Philippians 3:10-12

The life of faith is a life of pursuit.
The pursuit of God.
In the epistle reading from last week,
Paul is trying to remind people of this fact,
by telling the story of his journey of faith.

Something else that is good to know
is God has been revealing Himself throughout history.

This work of God pursuing His creation is not a new thing.

The example shared during the sermon was the story of Adam and Eve in the garden after they had taken from the fruit that God had forbidden them to take.

They heard the sound of the Lord God walking in the garden at the time of the evening breeze, and the man and his wife hid themselves from the presence of the Lord God among the trees of the garden. But the Lord God called to the man, and said to him, ‘Where are you?’”

Genesis 3:8-9

God had created Adam and Eve for relationship.
They walked with God in the garden.
They brought conflict into the relationship.
God confronted that conflict by getting them to be honest.

They knew that they had violated the terms of their relationship.
And they were fearful of the repercussions
and of their own nakedness (shame).

But, again, God calls them back to relationship.
And even though the narrative of Genesis doesn’t focus on their continuing relationship, I have to think that God’s actions of initiation were comforting to Adam and Eve. That the pursuit of God for them gave them strength and security to re-engage the relationship.

To see another example of God revealing Himself during the ages,
We could look to the first reading from Sunday from 2 Kings.
In this example, we see a precursor to Jesus’ feeding of the 5000.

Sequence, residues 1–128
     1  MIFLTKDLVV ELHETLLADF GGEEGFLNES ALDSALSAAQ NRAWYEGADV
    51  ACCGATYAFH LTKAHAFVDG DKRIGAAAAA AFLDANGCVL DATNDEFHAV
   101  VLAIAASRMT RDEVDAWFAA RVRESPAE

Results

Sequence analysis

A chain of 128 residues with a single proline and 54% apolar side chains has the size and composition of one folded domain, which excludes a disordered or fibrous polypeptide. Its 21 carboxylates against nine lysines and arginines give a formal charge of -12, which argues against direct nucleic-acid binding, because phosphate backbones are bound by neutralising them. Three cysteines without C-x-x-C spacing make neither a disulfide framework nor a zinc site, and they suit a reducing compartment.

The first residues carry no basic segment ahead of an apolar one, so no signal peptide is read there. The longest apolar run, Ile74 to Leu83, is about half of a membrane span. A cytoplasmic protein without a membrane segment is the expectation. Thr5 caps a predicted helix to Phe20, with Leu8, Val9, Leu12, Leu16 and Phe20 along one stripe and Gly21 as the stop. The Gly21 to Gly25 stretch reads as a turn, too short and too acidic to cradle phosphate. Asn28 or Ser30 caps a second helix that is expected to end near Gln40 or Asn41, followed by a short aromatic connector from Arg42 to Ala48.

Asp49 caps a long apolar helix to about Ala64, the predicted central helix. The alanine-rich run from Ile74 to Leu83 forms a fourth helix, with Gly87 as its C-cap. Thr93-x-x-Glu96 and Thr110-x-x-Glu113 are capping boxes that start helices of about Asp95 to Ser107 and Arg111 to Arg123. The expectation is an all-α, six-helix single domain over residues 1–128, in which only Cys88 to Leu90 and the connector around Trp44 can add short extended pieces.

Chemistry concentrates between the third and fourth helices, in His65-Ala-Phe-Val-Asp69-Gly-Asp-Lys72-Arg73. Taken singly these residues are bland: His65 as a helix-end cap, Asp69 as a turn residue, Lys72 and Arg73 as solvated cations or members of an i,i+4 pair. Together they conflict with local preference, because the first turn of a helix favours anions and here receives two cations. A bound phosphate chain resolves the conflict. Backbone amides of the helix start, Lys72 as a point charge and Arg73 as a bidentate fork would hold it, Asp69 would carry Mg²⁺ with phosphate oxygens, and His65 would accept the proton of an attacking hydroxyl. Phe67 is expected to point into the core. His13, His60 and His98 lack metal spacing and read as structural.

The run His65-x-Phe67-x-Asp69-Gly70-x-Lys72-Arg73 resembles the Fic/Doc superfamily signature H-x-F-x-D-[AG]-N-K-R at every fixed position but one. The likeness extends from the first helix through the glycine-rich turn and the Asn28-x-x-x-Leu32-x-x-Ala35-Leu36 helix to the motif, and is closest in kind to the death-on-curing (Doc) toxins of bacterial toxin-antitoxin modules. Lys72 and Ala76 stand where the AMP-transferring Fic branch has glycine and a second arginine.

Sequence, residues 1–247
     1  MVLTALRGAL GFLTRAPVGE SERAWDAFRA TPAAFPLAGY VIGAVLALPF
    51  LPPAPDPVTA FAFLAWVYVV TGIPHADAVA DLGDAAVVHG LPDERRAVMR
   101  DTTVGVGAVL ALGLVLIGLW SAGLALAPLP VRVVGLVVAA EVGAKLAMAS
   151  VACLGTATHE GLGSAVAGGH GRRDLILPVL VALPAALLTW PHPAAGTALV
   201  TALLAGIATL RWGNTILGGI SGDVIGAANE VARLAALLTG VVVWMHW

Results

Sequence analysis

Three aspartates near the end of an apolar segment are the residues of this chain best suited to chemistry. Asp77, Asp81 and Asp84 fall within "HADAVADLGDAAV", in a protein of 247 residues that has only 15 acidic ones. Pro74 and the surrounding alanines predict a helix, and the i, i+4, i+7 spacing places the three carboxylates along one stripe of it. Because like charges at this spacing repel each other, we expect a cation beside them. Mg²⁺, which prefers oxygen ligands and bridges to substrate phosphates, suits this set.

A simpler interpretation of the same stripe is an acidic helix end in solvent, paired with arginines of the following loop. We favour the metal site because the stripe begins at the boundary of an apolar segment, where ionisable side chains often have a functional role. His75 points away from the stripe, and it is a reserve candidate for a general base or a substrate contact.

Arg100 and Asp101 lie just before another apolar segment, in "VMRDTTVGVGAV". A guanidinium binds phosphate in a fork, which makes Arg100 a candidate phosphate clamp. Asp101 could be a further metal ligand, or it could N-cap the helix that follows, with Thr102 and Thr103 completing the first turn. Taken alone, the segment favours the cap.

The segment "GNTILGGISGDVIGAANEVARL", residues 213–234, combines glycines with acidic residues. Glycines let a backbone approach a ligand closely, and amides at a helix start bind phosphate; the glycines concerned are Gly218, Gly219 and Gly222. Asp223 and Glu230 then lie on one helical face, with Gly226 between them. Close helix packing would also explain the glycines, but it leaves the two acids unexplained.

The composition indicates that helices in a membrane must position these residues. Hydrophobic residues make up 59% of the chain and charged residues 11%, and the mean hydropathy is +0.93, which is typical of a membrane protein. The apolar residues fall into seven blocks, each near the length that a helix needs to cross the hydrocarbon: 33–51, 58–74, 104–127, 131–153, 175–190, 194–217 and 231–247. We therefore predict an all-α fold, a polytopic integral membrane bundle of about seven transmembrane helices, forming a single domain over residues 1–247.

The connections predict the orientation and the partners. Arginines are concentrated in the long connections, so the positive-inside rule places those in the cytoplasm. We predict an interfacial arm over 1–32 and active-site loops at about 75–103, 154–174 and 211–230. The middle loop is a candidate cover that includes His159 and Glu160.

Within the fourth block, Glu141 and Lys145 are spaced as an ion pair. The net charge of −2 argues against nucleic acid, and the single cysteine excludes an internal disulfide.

A man came from Baal-shalishah, bringing food from the first fruits to the man of God: twenty loaves of barley and fresh ears of grain in his sack. Elisha said, “Give it to the people and let them eat.” But his servant said, “How can I set this before a hundred people?” So he repeated, “Give it to the people and let them eat, for thus says the Lord, ‘They shall eat and have some left.’” He set it before them, they ate, and had some left, according to the word of the Lord.”

2 Kings 4:42-44

In this example, we get the end of a series of miracles performed by the prophet Elisha. There was a famine in the land and the prophets of God were battling with the prophets of Baal. So, a faithful person from a town named for Baal (Baal-shalishah), brings food for 100 during a time of scarcity. The servants are confused about how everyone will eat from this, but Elisha reminds him that God has determined that this should be, so they go forward in faith.
In this moment,
God reveals Himself to them.

And it is in the feeding narrative from the Gospel of John last week that we see God revealed through Jesus.

It is good for us to see this pattern of God’s presence in our lives.
It is good for us to surround ourselves with those who will remind us of this as well.

It is through this depth of relationship that lives are changed
and people gain entrance into the life of faith.

In all of this, by the way,
God is looking to use those who are willing to walk faithfully
to share this beautiful story of redemption and love.

This means you.

So, ask yourselves,
Do you want to be a part of this conspiracy of love?
To know God.
And, as Paul writes in the second reading from last week,

“…that you may have the power to comprehend, with all the saints, what is the breadth and length and height and depth…”

Come along for the journey and pray this prayer with me,

“Now to him who by the power at work within us is able to accomplish abundantly far more than all we can ask or imagine, to him be glory in the church and in Christ Jesus to all generations, forever and ever.